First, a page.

“Rocks to Racing” exhibit

Earlier this week I mentioned in my Twitter feed that I’ve been working 20-hour days. In fact, last night was the first time in almost 2 weeks I’ve gotten to bed before 3:00 am. The reason was that we were trying to complete a new exhibit, “Rocks to Racing”. There’s always a rush for the exhibits department to complete everything before an opening, but this one was hard on me because I was building several display models. The really tough one was a life-size model of the Ordovician nautiloid Cameroceras, which I only completed a few hours before the opening reception. The photo above doesn’t really do justice to its size…

The model is just over 3 meters long, and weighs perhaps 30 pounds. It includes roughly 80 square feet of 0.5-inch sheet styrofoam, about 3.5 gallons of patching plaster, and 352 flanged washers, among other hardware. It’s by far the largest model I’ve ever built, and I’ve learned a lot about model construction in the process (in case I ever need to build another giant nautiloid). Incidentally, this is not a particularly large example of Cameroceras; some published estimates indicate they could have reached 6 meters in length.

About a quarter of the exhibit is dedicated to the Ordovician Period, with the remainder talking about the connections between geology, moonshine and auto racing. This is why I’ve been collecting so much material in Kentucky, Iowa, and Indiana over the last couple of years.

I have several other models in this exhibit, including a colony of the bryozoan Heterotrypa and the nautiloid Isorthoceras sociale:

We’ve had a shortage of cases lately, as a lot of our exhibit materials are out on loan to another museum. My longtime volunteer Mike Morriss owns a cabinet construction business, Imageworks, and to help us out he designed and built this beautiful case and donated it to the museum:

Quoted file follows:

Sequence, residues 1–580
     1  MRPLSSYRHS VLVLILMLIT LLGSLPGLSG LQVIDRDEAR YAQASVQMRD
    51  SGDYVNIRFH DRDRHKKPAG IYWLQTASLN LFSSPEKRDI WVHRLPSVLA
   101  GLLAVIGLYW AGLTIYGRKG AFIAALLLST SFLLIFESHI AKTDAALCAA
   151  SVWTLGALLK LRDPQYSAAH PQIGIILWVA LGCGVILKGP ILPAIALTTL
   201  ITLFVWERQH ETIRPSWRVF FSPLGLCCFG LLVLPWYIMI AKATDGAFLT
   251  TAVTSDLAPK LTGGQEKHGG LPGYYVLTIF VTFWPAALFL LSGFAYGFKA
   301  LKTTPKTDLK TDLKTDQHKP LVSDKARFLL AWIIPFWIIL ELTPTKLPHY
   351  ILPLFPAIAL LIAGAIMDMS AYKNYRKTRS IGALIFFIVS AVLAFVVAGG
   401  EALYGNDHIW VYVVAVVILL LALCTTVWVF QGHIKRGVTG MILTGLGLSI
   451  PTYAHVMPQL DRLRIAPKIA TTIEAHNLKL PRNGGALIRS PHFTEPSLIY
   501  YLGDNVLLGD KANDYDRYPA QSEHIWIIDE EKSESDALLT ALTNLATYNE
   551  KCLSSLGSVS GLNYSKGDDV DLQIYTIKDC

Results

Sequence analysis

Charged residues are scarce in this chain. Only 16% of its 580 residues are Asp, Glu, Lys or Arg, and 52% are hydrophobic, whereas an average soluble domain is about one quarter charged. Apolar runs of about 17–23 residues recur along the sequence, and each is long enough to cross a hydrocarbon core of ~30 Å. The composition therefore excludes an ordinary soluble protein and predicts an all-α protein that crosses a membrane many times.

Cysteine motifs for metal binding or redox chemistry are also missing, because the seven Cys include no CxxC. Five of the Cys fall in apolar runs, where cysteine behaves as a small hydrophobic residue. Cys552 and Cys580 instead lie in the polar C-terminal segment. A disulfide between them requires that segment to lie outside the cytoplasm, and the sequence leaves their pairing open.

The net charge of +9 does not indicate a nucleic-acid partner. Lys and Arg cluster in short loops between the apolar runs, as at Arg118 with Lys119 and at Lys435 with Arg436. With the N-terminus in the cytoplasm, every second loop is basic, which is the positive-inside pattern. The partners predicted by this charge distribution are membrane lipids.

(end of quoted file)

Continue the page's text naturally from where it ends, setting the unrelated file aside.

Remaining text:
“Rocks to Racing” will be open until November 3, and I encourage you to stop by the museum for a tour.

********

Incidentally, and acknowledging the significance of big numbers that are multiples of 10, this is my 500th post on “Updates”, over a period of about 4.5 years. I have to admit, when I started writing I didn’t really expect it would last this long!

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3 Responses to “Rocks to Racing” exhibit

  1. Mike says:

    What, you get to sleep? I did not know we are allowed to sleep.
    Does everyone know about this sleep thing? I am always the last to know 🙂

    Joking aside, your models look really cool. Do you have a photo
    of it not covered up on the cone? Look, I am asking for you to do more work.
    All of them are are full of motion. They look really cool.

    By the way, did you see this on the Florida guys.
    Josh was happy. He feels like he knows some Paleo celebs 🙂
    It has made front page on Yahoo for 3 days now.
    Here is the link:
    http://news.yahoo.com/blogs/upshot/monster-titanoboa-snake-invades-york-224358461.html

    I have some new ideas for displays and drawings for those that we did, but
    figured I would let you get this exhibit get finished first.
    I will get with you when I can on them. If your not catching up on that thing called sleep.

    Mike

  2. Tony Edger says:

    Congratulations on your 500th posting, a great milestone for a great blog.

  3. Markus says:

    Very nice models Alton! I´ve also sculpted several models of nautiloids, especially orthocones, including Cameroceras. This particular model was mainly inspired by the BBC giant orthocone. You can see some photos as well as some pictures from the sculpting process here:

    http://www.tonmo.com/forums/showthread.php?7553-Sordes-s-amazing-nautiloid-models!&highlight=sordes

    Now I would make some anatomical details in a different way, I would for example don´t sculpt a “hood” anymore. I have also sculpted two belemnites for the museum at Tübingen, and am also working on ammonites as well. But my personal favourite would be a giant orthocone. I would also make it from styrofoam, but probably coverd with paperclay, as you can easily sand the surface or add additional details without getting any cracks in the surface, and it´s very durable yet light-weight. It would be very nice if you could show some “making-of” photos of your model.

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